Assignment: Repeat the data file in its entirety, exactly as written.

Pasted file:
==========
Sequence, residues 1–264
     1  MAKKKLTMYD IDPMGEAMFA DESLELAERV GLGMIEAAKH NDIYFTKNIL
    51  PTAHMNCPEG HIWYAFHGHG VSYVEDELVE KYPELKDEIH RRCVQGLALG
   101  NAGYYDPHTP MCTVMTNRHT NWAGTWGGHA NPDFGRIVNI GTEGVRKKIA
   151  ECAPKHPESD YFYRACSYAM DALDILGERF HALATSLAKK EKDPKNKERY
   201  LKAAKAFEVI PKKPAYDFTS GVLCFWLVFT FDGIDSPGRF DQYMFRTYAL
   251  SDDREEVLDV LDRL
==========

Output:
Sequence, residues 1–264
     1  MAKKKLTMYD IDPMGEAMFA DESLELAERV GLGMIEAAKH NDIYFTKNIL
    51  PTAHMNCPEG HIWYAFHGHG VSYVEDELVE KYPELKDEIH RRCVQGLALG
   101  NAGYYDPHTP MCTVMTNRHT NWAGTWGGHA NPDFGRIVNI GTEGVRKKIA
   151  ECAPKHPESD YFYRACSYAM DALDILGERF HALATSLAKK EKDPKNKERY
   201  LKAAKAFEVI PKKPAYDFTS GVLCFWLVFT FDGIDSPGRF DQYMFRTYAL
   251  SDDREEVLDV LDRL